Stack was born in Los Angeles on January 13, 1919 to a well-to-do family but his parents divorced when he was a year old. At age three, he moved with his mother to Paris, where she studied singing. They returned to Los Angeles when he was seven, by then French was his native language and was not taught English until he started schooling.

Naturally athletic, Stack was still in high school when he became a national skeet-shooting champion and top-flight polo player. He soon was giving lessons on shooting to such top Hollywood luminaries as Clark Gable and Carol Lombard, and found himself on the polo field with some notable movie moguls like Darryl Zanuck and Walter Wanger.

Stack enrolled in the University of Southern California, where he took some drama courses, and was on the Polo team, but it wasn't long before some influential people in the film industry took notice of his classic good looks, and lithe physique. Soon, his Hollywood connections got him on a film set at Paramount, a screen test, and eventually, his first lead in a picture, opposite Deanna Durbin in First Love (1939). Although he was only 20, Stack's natural delivery and boyish charm made him a natural for the screen.

His range grew with some meatier parts in the next few years, especially noteworthy were his roles as the young Nazi sympathizer in Frank Borzage's chilling The Mortal Storm (1940), with James Stewart, and as the Polish flier who woos a married Carole Lombard in Ernst Lubitsch's To Be or Not to Be (1942).

After serving as a gunnery officer in the Navy during World War II, Stack returned to the screen, and found a few interesting roles over the next ten years: giving Elizabeth Taylor her first screen kiss in Robert Thorp's A Date With Judy (1948); the leading role as an American bullfighter in Budd Boetticher's The Bullfighter and the Lady (1951); and as a pilot in William Wellman's The High and the Mighty (1954), starring John Wayne. However, Stack saved his best dramatic performances for Douglas Sirk in two knockout films: as a self-destructive alcoholic in Douglas Sirk's Written on the Wind (1956), for which he received an Academy Award nomination for supporting actor; and sympathetically portraying a fallen World War I pilot ace who is forced to do barnstorming stunts for mere survival in Tarnished Angels (1958).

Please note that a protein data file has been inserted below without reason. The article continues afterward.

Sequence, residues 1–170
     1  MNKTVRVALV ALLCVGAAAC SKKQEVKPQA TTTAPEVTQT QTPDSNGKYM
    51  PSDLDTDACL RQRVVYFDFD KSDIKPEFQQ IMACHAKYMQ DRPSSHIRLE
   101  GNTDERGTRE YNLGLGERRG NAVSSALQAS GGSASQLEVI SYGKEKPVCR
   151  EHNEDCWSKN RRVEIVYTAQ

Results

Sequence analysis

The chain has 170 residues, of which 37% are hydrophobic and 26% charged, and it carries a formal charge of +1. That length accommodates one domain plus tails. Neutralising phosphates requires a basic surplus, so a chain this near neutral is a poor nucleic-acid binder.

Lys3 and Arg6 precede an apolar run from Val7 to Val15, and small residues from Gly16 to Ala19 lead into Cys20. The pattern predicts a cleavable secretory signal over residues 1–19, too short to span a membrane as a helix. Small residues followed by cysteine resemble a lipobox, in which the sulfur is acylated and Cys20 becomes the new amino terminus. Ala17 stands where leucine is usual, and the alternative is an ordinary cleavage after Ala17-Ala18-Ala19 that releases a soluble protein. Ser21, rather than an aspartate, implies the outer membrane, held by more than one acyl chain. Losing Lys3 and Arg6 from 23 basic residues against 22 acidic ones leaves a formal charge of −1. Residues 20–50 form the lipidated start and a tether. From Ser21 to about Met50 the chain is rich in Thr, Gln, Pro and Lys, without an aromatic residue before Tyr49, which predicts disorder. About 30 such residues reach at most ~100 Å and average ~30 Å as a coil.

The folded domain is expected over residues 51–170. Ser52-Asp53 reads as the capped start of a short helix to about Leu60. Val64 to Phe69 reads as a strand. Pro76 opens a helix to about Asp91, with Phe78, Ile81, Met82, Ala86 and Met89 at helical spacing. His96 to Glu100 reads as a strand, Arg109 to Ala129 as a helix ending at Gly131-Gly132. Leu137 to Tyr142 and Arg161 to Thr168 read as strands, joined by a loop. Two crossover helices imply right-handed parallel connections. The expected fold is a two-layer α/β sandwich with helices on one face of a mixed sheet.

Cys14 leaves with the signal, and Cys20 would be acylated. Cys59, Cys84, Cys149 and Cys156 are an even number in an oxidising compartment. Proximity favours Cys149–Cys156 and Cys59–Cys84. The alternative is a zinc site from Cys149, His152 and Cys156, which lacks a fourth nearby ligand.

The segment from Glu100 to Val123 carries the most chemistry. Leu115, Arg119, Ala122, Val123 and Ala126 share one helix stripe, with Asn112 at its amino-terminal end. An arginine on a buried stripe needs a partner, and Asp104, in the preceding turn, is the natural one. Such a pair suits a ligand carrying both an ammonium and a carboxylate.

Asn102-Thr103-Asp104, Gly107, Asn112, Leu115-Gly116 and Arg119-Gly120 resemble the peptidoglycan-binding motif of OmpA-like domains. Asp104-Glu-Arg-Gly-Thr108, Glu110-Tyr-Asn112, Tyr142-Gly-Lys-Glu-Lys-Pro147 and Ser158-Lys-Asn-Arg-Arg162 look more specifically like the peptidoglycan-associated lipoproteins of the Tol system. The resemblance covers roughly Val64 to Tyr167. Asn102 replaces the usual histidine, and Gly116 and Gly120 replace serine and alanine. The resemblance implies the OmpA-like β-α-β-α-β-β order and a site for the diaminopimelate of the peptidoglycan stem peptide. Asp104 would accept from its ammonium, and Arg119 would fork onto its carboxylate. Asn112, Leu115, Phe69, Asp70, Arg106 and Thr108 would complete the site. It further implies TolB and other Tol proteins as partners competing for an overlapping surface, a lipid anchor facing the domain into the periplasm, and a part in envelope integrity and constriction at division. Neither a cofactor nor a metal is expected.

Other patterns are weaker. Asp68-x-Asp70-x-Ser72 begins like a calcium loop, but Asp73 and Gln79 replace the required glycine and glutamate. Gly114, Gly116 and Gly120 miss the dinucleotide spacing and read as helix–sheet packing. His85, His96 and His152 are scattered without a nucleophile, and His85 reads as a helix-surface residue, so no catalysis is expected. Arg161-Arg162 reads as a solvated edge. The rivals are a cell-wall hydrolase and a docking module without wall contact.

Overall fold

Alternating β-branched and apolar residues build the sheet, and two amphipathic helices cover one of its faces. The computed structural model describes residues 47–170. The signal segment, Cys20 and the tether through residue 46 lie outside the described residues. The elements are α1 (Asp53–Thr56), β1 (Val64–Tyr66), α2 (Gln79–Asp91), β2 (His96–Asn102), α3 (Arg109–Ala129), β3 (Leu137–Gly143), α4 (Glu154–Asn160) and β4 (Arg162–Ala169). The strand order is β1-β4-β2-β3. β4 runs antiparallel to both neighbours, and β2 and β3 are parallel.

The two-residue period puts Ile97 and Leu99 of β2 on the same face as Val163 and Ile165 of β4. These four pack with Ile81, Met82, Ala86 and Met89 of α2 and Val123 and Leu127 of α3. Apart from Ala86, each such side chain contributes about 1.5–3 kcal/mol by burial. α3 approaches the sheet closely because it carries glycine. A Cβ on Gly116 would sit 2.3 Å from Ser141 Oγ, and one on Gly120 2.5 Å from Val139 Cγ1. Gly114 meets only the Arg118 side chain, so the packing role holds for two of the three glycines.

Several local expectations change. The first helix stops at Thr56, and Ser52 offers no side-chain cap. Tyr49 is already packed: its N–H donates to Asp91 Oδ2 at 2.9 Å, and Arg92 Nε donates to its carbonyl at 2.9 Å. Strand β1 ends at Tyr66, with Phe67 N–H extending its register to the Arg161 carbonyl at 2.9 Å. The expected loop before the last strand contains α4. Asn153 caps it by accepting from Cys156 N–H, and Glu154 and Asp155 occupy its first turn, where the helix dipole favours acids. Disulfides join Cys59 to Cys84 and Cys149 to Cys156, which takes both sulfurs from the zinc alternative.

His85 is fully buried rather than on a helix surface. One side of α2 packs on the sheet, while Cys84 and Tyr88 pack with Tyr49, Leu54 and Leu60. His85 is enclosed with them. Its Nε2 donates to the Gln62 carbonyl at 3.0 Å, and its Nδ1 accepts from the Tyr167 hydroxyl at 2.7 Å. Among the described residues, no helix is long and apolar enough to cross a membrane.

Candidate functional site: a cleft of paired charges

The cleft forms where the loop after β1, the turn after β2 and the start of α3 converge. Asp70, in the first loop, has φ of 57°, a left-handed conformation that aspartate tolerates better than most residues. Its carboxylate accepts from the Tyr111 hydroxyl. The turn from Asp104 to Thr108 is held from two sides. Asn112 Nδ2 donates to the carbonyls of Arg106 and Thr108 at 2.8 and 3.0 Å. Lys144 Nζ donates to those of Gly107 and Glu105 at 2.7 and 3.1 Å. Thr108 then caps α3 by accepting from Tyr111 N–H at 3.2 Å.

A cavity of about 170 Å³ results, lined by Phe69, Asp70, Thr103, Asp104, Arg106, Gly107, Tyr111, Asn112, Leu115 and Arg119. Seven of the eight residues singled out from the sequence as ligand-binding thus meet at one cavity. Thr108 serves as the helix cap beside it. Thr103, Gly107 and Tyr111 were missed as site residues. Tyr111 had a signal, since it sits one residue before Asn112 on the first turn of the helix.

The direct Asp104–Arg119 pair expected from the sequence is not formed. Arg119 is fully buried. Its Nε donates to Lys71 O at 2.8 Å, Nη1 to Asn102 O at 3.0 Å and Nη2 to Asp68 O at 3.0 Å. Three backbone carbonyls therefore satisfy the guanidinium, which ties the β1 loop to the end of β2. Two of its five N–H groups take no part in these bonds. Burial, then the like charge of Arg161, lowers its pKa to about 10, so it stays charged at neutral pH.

Despite proving his capabilities as a solid actor in these roles, front rank stardom oddly eluded Stack at this point. That all changed when Stack gave television a try. The result was the enormously popular series, The Untouchables (1959-63). This exciting crime show about the real-life Prohibition-era crime-fighter Eliot Ness and his G-men taking on the Chicago underworld was successful in its day for several reasons: its catchy theme music, florid violence (which caused quite a sensation in its day), taut narration by Walter Winchell, and of course, Stack's trademark staccato delivery and strong presence. It all proved so popular that the series ran for four years, earned an Emmy for Stack in 1960, and made him a household name.

Stack would return to television in the late '60s, with the The Name of the Game (1968-71), and a string of made-for-television movies throughout the '70s. His career perked up again when Steven Spielberg cast him in his big budget comedy 1941 (1979) as General Joe Stillwell. The film surprised many viewers as few realized Stack was willing to spoof his granite-faced stoicism, but it won him over many new fans, and his dead-pan intensity would be used to perfect comic effect the following year as Captain Rex Kramer (who can forget the sight of him beating up Hare Krishnas at the airport?) in David and Jerry Zucker's wonderful spoof of disaster flicks, Airplane! (1980).

Stack's activity would be sporadic throughout the remainder of his career, but he returned to television, as the host of enormously popular Unsolved Mysteries (1987-2002), and played himself in Lawrence Kasden's comedy-drama Mumford (1999). He is survived by his wife of 47 years, Rosemarie Bowe Stack, a former actress, and two children, Elizabeth and Charles, both of Los Angeles.

by Michael T. Toole
Robert Stack, 1919-2003

Robert Stack, 1919-2003